Travel Weekly's Cruise E-letter: Jan. 25, 2004

HOLLAND AMERICA LINE: Itineraries are already in full swing for 2006 at Holland America Line. The Zuiderdam, which has been in the Caribbean since its 2002 debut, will move to Alaska in 2006, along with the Westerdam, which sailed Europe for the past two summers. That means HAL will have eight Alaska-based ships three of them Vista-class the lines largest concentration there ever. In other deployment news, the Amsterdam will leave Alaska to sail in the Baltic region during summer 2006, and the Statendam will sail in Australia and New Zealand during winter 2006. The Prinsendam's 2006 world cruise, meanwhile, will include a Libya call.

CELEBRITY, meanwhile, is going to Asia and the South Pacific for the first time in 2006. The line will use its 1,950-passenger Summit. Itineraries are still under development but would likely include open-jaw cruises of varying lengths to places such as Australia, China, Singapore, South Korea, Japan and Vietnam. Look for the books to open on the product by April.

XPEDITIONS: Celebrity also rolled out its 2005 Xpeditions products, which include a two- or four-night visit to Easter Island; a six-hour shore excursion to the ruins in the Mayan city of Copan, Honduras; and a four-night, post-cruise tour of Egypt and the Pyramids. Unlike Celebrity's first foray into the Xpeditions line, which it did by buying a small ship for Galapagos cruises, the new Xpeditions are add-ons to established itineraries. In fact, Celebrity said this year it will include one Xpeditions experience on every major cruise itinerary.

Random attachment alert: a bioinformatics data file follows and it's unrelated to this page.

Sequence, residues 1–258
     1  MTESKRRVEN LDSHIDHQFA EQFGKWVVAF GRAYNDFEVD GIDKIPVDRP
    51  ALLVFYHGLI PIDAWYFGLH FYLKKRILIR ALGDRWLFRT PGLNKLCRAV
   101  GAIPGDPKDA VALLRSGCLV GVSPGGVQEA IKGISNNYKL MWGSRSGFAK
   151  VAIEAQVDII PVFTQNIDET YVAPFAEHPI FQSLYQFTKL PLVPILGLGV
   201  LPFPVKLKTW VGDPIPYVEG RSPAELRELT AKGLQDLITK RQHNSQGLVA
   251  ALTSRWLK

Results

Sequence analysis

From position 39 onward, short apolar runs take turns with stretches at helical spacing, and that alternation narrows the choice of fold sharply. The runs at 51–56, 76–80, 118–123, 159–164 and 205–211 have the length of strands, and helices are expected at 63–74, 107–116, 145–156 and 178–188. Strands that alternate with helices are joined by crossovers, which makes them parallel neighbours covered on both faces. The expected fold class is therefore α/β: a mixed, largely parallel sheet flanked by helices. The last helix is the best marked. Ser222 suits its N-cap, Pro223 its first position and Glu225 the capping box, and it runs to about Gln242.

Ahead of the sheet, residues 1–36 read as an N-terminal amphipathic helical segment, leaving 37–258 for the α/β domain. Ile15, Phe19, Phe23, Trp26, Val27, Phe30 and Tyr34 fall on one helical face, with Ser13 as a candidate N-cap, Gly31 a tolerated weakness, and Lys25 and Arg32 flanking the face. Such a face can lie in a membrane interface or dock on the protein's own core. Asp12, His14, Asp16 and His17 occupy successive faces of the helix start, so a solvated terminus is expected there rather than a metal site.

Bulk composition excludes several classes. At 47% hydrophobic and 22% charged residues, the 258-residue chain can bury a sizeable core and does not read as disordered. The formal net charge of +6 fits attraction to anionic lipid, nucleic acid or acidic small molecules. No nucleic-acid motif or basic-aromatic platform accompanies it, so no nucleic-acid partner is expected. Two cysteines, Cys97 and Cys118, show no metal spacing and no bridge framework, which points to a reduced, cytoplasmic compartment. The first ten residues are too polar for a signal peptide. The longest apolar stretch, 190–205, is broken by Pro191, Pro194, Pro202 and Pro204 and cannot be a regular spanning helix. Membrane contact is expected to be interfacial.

CARNIVAL CORP. is taking a five-cent per-share hit this year on the cancellation of P&O Cruises' world voyage. The cruise was to be on P&O's 1,874-passenger Aurora, but the ship began experiencing propulsion-system problems. Passengers booked on the world cruise are being provided refunds and future cruise discounts.

THE CRUISE LINES INTERNATIONAL ASSOCIATION (CLIA) is estimating that 11.1 million people will take a cruise in 2005, up about 4.6% from the projected 2004 figures. The annual bump will be a little smaller than last year's, simply because there's not that much tonnage coming on line: Only three new ships will be delivered this year. Occupancies, meanwhile, are expected to remain high. CLIA expects that 2004 load factors were about 105%, which is what they predict for 2005, too.

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